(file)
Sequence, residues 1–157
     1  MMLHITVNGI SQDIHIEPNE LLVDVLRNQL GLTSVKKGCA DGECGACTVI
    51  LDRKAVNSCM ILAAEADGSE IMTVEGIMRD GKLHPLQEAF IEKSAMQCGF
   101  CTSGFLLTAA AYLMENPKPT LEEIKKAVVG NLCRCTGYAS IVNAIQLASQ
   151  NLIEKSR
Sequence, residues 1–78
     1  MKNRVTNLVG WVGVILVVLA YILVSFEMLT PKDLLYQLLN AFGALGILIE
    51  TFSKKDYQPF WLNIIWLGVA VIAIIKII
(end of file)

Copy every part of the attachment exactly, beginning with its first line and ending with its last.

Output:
Sequence, residues 1–157
     1  MMLHITVNGI SQDIHIEPNE LLVDVLRNQL GLTSVKKGCA DGECGACTVI
    51  LDRKAVNSCM ILAAEADGSE IMTVEGIMRD GKLHPLQEAF IEKSAMQCGF
   101  CTSGFLLTAA AYLMENPKPT LEEIKKAVVG NLCRCTGYAS IVNAIQLASQ
   151  NLIEKSR
Sequence, residues 1–78
     1  MKNRVTNLVG WVGVILVVLA YILVSFEMLT PKDLLYQLLN AFGALGILIE
    51  TFSKKDYQPF WLNIIWLGVA VIAIIKII